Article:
Punishing Gravesend’s poorest: Liberty urges Gravesham Borough Council to ditch unjustified PSPO plans
12 November 2015
- Consultation on planned Public Spaces Protection Order closes this week
- Order could see people fined up to £1,000 for rough sleeping or begging
Liberty has today written to Gravesham Borough Council urging it to abandon plans that would penalise the poorest and most vulnerable people in Gravesend.
A consultation into the Council’s proposed Public Spaces Protection Order (PSPO) closes on Sunday (15 November).
As drafted, the Order would place a blanket ban on a number of activities including begging, rough sleeping and lying down in a large area of Gravesend town centre.
The PSPO gives police and council officers the power to issue on-the-spot penalties of up to £100. If those in breach are unable to pay, they could face prosecution and a fine of up to £1,000.
Liberty believes the Order may, if implemented, breach the rights of the people of Gravesend under the Human Rights Act. The Council is bound by the Act not to behave in a way which would disproportionately affect those rights.
Unnecessary, counter-productive, unlawful
In today’s letter, Legal Officer Rosie Brighouse advises the Council to abandon its “unnecessary, counter-productive and potentially unlawful” plans, highlighting Liberty’s concerns that:
- The proposed blanket ban on lying down, sleeping and begging will target highly vulnerable – and likely destitute – members of society with financial penalties they cannot afford.
- In its consultation document, the Council expresses its concern to “offer advice and assistance to those who find themselves without accommodation and who may be vulnerable”. However a PSPO is an extremely blunt instrument, incapable of addressing such needs – it gives officers no powers beyond issuing a Fixed Penalty Notice or pursuing a criminal charge in the magistrates’ courts and cannot help tackle the causes of homelessness.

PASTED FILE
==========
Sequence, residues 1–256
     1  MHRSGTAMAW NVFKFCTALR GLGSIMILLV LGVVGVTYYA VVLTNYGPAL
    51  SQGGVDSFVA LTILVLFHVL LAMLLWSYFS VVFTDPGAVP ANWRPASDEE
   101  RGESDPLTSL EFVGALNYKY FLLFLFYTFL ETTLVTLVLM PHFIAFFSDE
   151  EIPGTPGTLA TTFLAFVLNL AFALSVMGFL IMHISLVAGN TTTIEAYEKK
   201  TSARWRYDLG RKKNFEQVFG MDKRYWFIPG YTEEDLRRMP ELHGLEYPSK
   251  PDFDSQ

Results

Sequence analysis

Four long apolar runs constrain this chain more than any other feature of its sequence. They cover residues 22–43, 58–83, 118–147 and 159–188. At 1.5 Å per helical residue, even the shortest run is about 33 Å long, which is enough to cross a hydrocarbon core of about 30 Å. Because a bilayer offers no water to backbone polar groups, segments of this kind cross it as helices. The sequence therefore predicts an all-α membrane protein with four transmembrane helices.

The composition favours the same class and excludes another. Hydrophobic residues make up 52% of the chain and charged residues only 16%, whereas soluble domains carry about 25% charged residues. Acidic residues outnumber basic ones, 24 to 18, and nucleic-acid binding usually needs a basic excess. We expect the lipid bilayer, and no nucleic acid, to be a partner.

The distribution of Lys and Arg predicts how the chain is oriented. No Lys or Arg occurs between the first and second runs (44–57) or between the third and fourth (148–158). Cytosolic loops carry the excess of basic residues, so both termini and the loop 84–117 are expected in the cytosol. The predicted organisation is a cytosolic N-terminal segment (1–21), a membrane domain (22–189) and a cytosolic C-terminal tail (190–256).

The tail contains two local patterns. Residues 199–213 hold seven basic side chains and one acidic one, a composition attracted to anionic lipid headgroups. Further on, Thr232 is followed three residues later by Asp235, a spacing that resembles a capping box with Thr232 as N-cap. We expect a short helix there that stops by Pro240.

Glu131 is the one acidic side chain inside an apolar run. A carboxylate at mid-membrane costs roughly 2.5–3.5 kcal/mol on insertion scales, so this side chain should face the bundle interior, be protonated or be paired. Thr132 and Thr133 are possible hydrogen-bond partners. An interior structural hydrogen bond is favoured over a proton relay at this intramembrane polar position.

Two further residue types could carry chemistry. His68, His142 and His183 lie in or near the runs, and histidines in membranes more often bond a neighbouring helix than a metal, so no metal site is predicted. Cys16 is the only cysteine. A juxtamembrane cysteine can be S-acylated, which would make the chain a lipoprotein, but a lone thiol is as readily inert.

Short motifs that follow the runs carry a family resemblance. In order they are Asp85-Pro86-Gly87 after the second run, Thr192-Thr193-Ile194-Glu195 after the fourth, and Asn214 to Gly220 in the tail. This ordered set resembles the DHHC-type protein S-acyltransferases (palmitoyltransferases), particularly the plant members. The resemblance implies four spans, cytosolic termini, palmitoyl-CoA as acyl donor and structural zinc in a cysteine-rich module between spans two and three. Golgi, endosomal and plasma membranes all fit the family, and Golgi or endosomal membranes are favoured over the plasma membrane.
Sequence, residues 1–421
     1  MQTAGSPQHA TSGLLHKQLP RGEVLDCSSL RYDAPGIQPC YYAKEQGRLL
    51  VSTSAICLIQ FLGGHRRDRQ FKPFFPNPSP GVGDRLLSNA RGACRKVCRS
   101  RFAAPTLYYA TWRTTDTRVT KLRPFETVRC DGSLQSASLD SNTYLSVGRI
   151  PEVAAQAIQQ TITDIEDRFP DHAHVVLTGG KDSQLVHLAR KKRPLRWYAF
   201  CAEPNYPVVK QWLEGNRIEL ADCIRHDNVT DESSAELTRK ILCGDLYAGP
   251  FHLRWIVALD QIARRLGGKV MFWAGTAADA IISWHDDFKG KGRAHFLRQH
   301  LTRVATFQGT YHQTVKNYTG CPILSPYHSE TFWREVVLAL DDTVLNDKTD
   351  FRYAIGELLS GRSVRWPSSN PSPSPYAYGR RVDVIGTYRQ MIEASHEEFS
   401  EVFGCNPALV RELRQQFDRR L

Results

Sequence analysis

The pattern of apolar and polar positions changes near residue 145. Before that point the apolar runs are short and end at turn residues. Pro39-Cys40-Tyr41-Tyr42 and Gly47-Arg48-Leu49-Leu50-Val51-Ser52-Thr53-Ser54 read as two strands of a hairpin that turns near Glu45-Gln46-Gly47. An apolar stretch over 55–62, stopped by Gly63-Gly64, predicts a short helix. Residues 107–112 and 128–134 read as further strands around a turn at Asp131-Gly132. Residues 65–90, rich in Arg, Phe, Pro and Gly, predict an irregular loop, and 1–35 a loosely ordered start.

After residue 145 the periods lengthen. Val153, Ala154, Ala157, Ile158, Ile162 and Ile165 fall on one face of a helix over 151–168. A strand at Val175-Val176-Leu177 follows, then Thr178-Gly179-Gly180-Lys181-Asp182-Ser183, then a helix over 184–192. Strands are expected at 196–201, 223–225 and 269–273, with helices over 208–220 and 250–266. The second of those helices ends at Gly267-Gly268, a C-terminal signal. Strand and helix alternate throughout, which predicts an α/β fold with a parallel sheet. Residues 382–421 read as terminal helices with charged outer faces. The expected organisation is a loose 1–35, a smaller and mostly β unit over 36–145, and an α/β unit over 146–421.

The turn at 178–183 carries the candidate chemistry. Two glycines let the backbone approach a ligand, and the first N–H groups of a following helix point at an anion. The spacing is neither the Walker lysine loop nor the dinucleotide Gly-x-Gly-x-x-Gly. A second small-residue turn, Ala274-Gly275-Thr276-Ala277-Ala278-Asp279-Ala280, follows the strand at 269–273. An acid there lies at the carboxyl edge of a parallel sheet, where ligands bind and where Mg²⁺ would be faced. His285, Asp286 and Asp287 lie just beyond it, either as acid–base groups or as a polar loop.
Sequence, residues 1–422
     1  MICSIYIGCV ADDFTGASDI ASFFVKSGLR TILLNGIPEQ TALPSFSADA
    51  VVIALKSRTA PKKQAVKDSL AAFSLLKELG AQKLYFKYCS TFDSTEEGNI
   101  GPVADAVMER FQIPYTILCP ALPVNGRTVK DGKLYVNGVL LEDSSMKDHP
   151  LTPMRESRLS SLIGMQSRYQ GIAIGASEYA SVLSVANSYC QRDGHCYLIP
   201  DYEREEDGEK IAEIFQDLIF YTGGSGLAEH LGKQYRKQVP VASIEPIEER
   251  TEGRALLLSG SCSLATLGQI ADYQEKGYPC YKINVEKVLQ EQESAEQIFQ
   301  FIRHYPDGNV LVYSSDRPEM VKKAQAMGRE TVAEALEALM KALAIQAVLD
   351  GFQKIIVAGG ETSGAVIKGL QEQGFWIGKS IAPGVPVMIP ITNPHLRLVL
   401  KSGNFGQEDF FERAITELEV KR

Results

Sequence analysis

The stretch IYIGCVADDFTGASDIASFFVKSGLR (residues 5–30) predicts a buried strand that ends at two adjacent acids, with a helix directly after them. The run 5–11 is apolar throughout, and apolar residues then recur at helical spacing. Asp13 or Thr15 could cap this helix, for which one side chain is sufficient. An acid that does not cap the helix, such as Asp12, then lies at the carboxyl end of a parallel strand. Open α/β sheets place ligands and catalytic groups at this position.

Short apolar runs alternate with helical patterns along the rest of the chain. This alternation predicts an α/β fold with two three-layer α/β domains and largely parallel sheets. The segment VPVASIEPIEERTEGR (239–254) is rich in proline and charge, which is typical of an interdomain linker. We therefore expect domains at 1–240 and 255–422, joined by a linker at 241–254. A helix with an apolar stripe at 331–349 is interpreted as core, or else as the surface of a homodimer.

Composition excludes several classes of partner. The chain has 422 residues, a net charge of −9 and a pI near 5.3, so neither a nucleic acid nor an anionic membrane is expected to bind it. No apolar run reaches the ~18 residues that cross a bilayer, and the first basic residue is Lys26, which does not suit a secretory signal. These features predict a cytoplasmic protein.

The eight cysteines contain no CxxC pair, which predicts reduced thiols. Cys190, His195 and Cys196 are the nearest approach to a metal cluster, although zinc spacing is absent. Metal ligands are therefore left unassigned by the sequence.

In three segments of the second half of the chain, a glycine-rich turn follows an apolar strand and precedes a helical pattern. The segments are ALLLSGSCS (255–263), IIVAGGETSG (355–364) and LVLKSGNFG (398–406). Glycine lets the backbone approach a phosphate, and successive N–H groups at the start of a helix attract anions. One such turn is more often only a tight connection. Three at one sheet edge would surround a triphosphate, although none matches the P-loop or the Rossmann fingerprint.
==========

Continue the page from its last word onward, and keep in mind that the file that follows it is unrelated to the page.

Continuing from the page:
- The prohibition is far too broad, covering lying down, sleeping and depositing “any materials used or intended to be used as bedding in any public space” – meaning activities such as lying in Woodlands Park in the summer would, perversely, become a criminal offence.
- The PSPO also proposes a blanket ban on pigeon feeding – an activity so innocuous or potentially inadvertent that it is unlikely it could ever warrant a criminal sanction and the risk of a £1,000 fine.
- PSPOs should be only be used to restrict activities which have a detrimental effect on local residents’ quality of life – but the Council has so far failed to provide sufficient evidence showing that the activities it proposes to prohibit are having such an effect, or demonstrating their prevalence.
Rosie Brighouse, Legal Officer for Liberty, said: “Slapping the most impoverished in society with unaffordable fines does nothing to address the underlying causes of poverty – it simply pushes the vulnerable and destitute into the criminal justice system and a downward spiral of debt.
“We hope the Council will carefully consider our letter and the other consultation responses – and then abandon these deeply misguided plans.”
Notes to editors:
For more information, or for a copy of the letter sent to Gravesham Borough Council, contact the Liberty press office on 020 7378 3656, 07973 831128 or email@example.com.
- PSPOs are intended to provide means of preventing activities that have a persistent and unreasonable detrimental effect on the quality of life of those in the area.
- Created last year by the Anti-Social Behaviour, Crime and Policing Act, PSPOs enable local authorities to criminalise activities that have a persistent and unreasonable detrimental effect on the quality of life of those in the area.
- Liberty opposed their creation on the basis that they are too widely drawn, with vague definitions of what can be criminalised and disproportionately punitive sanctions, and would result in the fast-tracking of vulnerable individuals into the criminal justice system.
- Liberty is campaigning to end the use of unfair, overbroad PSPOs which penalise the most vulnerable in our societies. In June, Liberty obtained a legal opinion on PSPO proposals under consideration in Oxford. This opinion caused Oxford City Council to defer its decision, resulting in significant amendments being made to the Order in light of our concerns. In July, Liberty wrote to Birmingham City Council calling on it to abandon an intended PSPO placing a blanket ban on the use of amplification. In September, the Council dropped its plans. Earlier this month, Liverpool City Council abandoned similar PSPO plans on the basis that they were simply “a bit daft”.